Designing for

Every day, more than a million people will come online for the first time in their lives. Imagine for a moment that you’re one of them.

You’ve been saving for your first smartphone for months, and finally, today is your day. It’s exciting — an open door to new opportunities. But it’s also confusing and intimidating. What do all these icons mean? What if you hit the wrong button? Where do you even begin? You’ve just made this brave leap into the digital world, and now, quite understandably, you’re wondering if you’ve made the right decision (See Navigating a smartphone).

This is the actual emotional conflict between excitement and fear shared by NIUs all over the world, based on our interactions with them. But together, we can help ease those anxieties by ensuring better designs where each new user can feel confident navigating an internet that was not only built for them but also built with their help. We want them to experience and engage with content without trepidation and in a way that will help bolster their digital confidence with each new interaction.

Designing for digital confidence, now and in the future, will require a community of product makers, acting with empathy and a willingness to embrace new perspectives, building relevant, meaningful digital experiences for everyone, regardless of where they live, what language they speak, or which device they use. That’s why IDEO, Google, and the Bill & Melinda Gates Foundation collaborated to develop what we call the Digital Confidence Toolkit.

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Digital Confidence, Design Tools.

A set of design tools — developed by IDEO, Google, and the Bill & Melinda Gates Foundation — to help product teams build digital services that work for everyone. Regardless of where they live, what language they speak, or which device they use.

The tools in the kit are designed to empower teams to build more effectively for NIUs by first identifying common challenges faced when developing products for this group of users:


The idea of an “account” can be confusing for NIUs encountering them for the first time. Without an understanding of digital accounts and identities, it’s not obvious why anyone would need a Google account to set up an Android phone or why one would then need a different account for a service like Facebook. The amount of information required to set up an account can also feel overwhelming, and often, setting up is discontinued if it becomes too much. Even remembering alphanumeric passwords can be a source of frustration for users who struggle with literacy, especially if the credentials were created by someone else, as is so often the case with NIUs.


Knowing when and where to tap, swipe, toggle, or long press on a phone screen can be disorienting and oftentimes counterintuitive for an NIU. The process of learning what’s clickable and what’s not can leave users confused, and the frustration is amplified by inconsistent interfaces across different apps and operating systems.


For people who live in cultures without supermarkets and have not seen a shopping cart, the shopping cart icon won’t resonate at all. Unfortunately, the digital world relies heavily on visual language that unfortunately wasn’t created with regard for local semiotics — particularly those specific to NBU regions. Moreover, imagery and iconography that are either too abstract or too detailed can fail to resonate with NIUs. Alternatively, photo-realistic visuals provide details that can distract. Visuals that show real-life actions and are semi-abstract often communicate better than static objects or stand-alone symbols, but as is so often the case, the solutions require localized research and beta-testing.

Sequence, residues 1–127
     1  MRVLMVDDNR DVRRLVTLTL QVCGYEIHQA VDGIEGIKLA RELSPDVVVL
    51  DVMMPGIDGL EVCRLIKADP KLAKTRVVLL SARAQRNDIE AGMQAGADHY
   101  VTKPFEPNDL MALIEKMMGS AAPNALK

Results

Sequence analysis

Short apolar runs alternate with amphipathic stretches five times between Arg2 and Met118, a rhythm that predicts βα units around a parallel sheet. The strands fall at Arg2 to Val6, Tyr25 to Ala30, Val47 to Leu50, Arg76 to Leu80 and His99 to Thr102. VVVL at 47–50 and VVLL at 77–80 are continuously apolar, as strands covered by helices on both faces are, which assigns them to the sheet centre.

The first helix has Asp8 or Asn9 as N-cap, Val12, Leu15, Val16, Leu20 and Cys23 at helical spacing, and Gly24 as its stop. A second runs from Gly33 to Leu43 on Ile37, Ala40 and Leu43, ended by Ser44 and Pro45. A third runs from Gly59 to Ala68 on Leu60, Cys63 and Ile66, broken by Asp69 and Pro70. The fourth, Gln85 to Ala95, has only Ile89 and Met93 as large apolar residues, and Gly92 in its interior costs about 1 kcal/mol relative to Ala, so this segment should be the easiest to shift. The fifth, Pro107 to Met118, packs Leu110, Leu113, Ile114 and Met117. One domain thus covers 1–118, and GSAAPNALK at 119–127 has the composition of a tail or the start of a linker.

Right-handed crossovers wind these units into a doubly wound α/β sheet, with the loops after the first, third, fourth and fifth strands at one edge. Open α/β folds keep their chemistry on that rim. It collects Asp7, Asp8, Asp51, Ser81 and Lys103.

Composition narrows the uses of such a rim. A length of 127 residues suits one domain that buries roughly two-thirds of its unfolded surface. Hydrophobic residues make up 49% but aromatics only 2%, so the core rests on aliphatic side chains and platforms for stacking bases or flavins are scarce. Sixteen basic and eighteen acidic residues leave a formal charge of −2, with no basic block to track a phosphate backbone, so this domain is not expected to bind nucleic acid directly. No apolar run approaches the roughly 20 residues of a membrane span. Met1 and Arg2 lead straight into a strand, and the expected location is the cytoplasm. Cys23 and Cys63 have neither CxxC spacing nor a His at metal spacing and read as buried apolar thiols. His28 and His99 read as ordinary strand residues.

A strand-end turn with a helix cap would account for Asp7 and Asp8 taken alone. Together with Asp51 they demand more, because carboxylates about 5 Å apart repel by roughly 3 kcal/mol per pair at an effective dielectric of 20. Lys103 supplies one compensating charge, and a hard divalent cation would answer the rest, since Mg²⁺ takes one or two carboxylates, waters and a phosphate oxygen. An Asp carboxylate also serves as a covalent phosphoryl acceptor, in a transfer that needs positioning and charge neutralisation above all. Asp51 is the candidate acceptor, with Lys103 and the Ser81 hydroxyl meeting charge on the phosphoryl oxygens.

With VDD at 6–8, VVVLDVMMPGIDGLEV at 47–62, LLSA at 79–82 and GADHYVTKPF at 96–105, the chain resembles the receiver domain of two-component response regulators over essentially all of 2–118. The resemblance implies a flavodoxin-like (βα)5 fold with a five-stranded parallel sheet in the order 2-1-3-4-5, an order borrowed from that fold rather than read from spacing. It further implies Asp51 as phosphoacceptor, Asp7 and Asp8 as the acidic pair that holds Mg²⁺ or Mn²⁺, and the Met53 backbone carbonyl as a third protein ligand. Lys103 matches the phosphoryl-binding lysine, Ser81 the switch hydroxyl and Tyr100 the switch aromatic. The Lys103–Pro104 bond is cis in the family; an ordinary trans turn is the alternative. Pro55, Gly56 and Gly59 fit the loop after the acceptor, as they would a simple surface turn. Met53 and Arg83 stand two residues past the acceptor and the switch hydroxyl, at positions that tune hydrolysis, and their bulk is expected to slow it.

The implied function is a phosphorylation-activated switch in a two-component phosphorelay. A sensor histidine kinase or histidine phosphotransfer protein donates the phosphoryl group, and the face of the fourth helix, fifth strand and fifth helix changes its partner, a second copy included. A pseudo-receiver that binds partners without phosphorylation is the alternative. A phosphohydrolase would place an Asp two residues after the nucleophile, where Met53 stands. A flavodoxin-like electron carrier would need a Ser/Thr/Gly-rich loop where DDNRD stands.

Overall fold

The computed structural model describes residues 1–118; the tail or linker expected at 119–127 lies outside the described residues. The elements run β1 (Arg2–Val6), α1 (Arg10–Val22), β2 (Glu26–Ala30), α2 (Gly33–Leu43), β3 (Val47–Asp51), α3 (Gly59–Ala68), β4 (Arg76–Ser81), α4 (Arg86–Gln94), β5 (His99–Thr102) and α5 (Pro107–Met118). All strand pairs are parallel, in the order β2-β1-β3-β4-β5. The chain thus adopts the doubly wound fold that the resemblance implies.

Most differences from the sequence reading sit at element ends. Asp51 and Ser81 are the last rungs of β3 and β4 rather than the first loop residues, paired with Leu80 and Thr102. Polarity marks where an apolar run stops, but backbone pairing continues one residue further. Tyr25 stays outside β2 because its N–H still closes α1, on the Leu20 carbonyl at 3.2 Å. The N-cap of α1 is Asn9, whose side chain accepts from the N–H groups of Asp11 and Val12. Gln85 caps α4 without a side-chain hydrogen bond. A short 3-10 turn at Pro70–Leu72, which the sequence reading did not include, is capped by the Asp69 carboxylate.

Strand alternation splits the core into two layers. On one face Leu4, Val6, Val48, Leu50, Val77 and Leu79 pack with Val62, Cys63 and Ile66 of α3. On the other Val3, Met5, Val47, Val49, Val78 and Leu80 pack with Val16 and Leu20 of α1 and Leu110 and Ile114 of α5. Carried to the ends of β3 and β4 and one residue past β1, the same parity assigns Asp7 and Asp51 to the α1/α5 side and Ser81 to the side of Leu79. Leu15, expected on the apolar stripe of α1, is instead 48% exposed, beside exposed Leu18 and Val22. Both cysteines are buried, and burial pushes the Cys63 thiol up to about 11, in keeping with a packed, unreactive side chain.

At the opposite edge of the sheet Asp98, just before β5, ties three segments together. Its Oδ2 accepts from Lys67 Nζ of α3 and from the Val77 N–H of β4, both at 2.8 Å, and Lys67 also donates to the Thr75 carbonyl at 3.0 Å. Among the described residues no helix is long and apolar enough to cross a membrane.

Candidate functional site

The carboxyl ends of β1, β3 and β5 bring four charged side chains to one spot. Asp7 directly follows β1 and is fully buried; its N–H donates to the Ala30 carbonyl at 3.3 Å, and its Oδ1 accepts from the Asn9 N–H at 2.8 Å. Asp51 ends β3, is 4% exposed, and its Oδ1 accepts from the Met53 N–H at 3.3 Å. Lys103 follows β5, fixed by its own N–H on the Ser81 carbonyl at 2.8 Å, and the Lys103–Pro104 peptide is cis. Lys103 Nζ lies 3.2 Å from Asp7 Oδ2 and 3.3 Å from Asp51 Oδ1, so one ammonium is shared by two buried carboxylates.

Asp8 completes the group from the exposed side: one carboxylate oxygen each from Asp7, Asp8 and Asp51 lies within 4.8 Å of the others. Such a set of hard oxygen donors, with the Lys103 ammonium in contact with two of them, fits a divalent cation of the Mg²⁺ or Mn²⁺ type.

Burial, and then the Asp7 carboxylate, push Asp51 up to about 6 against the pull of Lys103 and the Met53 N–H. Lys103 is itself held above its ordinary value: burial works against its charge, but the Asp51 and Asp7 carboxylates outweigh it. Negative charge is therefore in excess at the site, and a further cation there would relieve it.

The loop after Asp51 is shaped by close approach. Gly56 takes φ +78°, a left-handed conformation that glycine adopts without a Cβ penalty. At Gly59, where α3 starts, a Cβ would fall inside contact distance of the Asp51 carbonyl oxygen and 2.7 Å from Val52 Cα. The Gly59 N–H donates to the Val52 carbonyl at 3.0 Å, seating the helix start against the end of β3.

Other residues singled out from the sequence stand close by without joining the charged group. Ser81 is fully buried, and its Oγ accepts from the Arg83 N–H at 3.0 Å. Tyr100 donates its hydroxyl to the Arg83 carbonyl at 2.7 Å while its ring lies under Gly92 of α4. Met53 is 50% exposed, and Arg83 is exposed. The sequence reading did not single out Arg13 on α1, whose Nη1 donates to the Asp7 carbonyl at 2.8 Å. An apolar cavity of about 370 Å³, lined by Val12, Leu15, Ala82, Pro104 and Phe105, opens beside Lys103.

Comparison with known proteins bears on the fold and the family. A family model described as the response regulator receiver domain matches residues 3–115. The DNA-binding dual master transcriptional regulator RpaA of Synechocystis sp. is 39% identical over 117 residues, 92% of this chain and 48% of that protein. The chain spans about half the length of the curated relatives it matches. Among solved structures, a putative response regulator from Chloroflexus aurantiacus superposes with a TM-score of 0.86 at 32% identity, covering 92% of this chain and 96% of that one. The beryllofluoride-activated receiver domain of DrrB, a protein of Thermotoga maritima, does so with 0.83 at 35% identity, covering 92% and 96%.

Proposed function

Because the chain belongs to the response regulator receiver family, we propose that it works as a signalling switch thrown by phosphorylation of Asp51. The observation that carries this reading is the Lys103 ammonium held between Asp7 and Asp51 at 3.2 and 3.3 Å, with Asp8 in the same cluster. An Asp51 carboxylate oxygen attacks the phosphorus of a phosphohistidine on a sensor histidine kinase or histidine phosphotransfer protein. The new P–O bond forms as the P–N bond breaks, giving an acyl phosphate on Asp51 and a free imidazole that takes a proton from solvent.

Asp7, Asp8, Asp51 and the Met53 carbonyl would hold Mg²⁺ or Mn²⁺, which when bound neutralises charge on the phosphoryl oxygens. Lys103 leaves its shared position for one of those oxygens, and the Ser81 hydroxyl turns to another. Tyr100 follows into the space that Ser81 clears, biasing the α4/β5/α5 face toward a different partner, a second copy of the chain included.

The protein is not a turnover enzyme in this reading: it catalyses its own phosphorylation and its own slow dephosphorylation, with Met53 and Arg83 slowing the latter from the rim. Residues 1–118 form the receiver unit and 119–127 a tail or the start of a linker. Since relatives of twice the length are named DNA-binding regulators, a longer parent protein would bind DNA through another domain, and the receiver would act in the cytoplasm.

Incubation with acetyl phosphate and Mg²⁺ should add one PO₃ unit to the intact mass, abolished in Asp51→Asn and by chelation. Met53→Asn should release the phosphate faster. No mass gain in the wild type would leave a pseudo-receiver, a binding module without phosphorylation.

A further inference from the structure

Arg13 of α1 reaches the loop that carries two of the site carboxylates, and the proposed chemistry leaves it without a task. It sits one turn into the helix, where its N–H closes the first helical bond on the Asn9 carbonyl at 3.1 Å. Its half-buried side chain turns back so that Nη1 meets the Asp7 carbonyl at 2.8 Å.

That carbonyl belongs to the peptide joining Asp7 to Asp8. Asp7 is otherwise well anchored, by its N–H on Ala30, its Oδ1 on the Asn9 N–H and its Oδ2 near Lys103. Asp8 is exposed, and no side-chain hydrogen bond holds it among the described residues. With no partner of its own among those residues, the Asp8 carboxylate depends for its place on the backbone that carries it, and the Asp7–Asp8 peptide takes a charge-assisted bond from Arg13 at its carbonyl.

Addressing challenges like those listed above will require a new way of thinking. Indeed, that shift needs to be central in efforts  in designing for novice internet users. But the exercise also offers a tremendous opportunity for learning and growth. Designing for digital confidence enables us to design better for the rest of the world.

A Smartphone Built to Boost

Millions of people in India currently using feature phones want access to a full-fledged smartphone, but there are still gaps, both in affordability and usability, that prevent them from realizing those aspirations. Now, thanks to our partnership with Indian telecom, Jio, we’re creating a solution — an affordable Android-based smartphone that delivers premium capabilities, with features designed specifically to address the needs of NIUs in India (See Hardware).

The phone features a whole host of voice-first capabilities (See Voice). “Listen” and “translate” buttons, for example, allow users to listen to any on-screen content read aloud in their native language — a boon for NBU populations who struggle with literacy. The same functionality is also available for the camera, allowing users to simply point the lens at any text and translate it to voice with the touch of a button.

In addition, the voice-activated Google Assistant is integrated so that it’s able to command functions on some of the more popular Jio apps — preventing some of the frustration that arises when users misunderstand the limitations of voice functionality.

And, because the photo-taking experience should always be delightful, we also partnered with Snap to integrate Indian-specific Snapchat Lenses directly into the phone’s camera.

The objective with all these efforts is the same: When we design for confidence, we allow NIUs a comfortable transition from guided learning into self-exploration and discovery, and eventually, those newly confident users can help guide other NIUs into using new products, as well.


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